Zia, Nukhba

School of Public Health

PhD

Uganda

Traumatic Brain Injury Across the Lifespan in Uganda (TBI-Uganda)

The Johns Hopkins International Injury Research Unit (JH-IIRU) is working with faculty at the Makerere University School of Public Health (MUSPH) in Uganda and Mulago National Referral Hospital (MH) to understand the health and economic burden of traumatic brain injuries across the lifespan in Uganda (TBI-Uganda) through an innovative model of sustainable research collaboration.

The study has following specific objectives:
- Define core variables and internet platforms for a data registry focused on traumatic brain injuries in Uganda
- Pilot-test an internet-based traumatic brain injury registry at Mulago Hospital, Makerere University for a year
- Develop a core group of clinician with research skills and data analysis capacity at Mulago Hospital, Makerere University in Uganda
- Develop a research plan for an intervention study on traumatic brain injuries in Kampala, Uganda

Global Health Mentor/PI: Connie Hoe, PhD

Thanks to the support through Global Health Established Field Placement award by the Center of Global Health, I travelled to Kampala, Uganda to work on a project related to traumatic brain injuries (TBI). I am from Pakistan and have worked there in the field of injury and trauma research. Since this was my first time working on a project in another developing country, I was excited and apprehensive at the same time. I was excited about the project, travel to a new country and learning about a new culture; and apprehensive about living in a country where I didn’t know anyone except for the collaborators on the project. Before traveling to Kampala, I had detailed discussions with colleagues at JHSPH and project collaborators at Makerere University about my stay in Kampala and tasks that I will be working on as part of my experience. I was fortunate to have found a place to stay which was central in terms of the place where I needed to be for work. My work was mainly based out of an office in Kololo area of the city and Mulago Hospital which is the largest public sector hospital in Uganda. Coming from Pakistan, I have seen the conditions under which public hospitals function in developing countries; however, Mulago Hospital was a totally different experience. The large patient volume and limited hospital resources were a great challenge in patient care provision but it was commendable how doctors and nurses continued to provide care to patients. My local colleagues helped me to understand the system within which I helped them with the project. They also gave me orientation to the city, which was very much needed. They also arranged for a local mobile number for easy communication during my stay in Kampala. Their support throughout the trip was invaluable. Kampala was like any other big city of a developing country. It offered a range of food options from Mediterranean to Thai to Indian food. I was introduced to ugali or posho, staple starch made out of cornmeal. It is eaten with stews or saucy dishes. I really liked fish dishes and was introduced to many different kinds of bananas. In terms of language, people at the office and the hospital as well as vendors in shopping areas understood and communicated in English, however, I needed help with translation when talking to local street vendors. During my stay, I visited several museums in Kampala which were a good resource to learn about different tribes in Uganda and their practices. I particularly enjoyed my trip to the Source of Nile which is located about 2 hours from Kampala in Jinja district. Overall, the TBI project was a great learning experience for me both in terms of work and travel. Through this project, I was able to learn about injuries in a new context. In addition, it was an opportunity for me to train and help colleagues during implementation of the project. Being on ground for implementation was very helpful as I was able to understand the challenges in real-time and with discussions with local colleagues and faculty at JHSPH, we were able to address the issues in a timely manner. My colleagues were very hospitable and warm and they made sure to look after me during my stay and helped me settle in. In terms of travel, the exposure I got by living in Kampala is very important to me. It helped me to better understand people, culture and their practices. One thing for sure, food, fruits and music were a very deep connection! I cherish every moment that I spent in Kampala and I look forward to using my experience as I progress further.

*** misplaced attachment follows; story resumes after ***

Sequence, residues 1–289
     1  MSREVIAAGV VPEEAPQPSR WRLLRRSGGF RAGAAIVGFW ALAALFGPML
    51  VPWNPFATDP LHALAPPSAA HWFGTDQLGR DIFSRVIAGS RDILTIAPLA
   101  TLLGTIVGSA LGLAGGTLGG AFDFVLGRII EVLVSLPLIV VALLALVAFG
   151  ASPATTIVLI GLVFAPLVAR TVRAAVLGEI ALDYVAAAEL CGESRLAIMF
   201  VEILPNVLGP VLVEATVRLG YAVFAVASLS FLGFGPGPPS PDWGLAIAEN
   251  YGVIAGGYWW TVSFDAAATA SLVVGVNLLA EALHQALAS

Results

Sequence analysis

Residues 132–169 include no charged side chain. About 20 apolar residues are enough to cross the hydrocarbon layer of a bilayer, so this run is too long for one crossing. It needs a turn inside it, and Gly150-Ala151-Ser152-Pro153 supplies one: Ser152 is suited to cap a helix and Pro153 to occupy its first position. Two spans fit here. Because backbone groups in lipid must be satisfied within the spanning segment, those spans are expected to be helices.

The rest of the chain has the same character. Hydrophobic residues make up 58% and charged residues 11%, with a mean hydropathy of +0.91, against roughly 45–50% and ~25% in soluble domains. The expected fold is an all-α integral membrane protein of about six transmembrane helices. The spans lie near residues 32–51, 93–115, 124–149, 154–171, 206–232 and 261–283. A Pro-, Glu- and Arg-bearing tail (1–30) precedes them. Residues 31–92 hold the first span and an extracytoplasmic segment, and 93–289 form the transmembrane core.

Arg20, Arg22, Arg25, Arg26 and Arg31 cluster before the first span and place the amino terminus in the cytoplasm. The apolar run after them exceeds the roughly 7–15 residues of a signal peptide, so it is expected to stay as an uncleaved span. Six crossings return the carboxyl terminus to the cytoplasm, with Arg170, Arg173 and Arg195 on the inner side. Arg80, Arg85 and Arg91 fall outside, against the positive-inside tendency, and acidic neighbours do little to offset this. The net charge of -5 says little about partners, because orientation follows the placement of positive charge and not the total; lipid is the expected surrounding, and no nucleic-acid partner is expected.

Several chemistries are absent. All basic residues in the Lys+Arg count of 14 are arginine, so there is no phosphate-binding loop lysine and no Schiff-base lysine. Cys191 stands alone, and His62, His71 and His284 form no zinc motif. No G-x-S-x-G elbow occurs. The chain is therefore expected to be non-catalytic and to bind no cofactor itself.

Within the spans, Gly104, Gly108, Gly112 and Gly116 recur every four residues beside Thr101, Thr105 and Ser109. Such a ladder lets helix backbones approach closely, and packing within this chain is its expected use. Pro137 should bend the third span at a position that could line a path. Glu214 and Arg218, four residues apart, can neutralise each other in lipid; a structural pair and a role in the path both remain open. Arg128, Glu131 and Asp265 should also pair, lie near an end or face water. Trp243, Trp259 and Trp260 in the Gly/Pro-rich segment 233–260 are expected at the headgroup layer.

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October 2020

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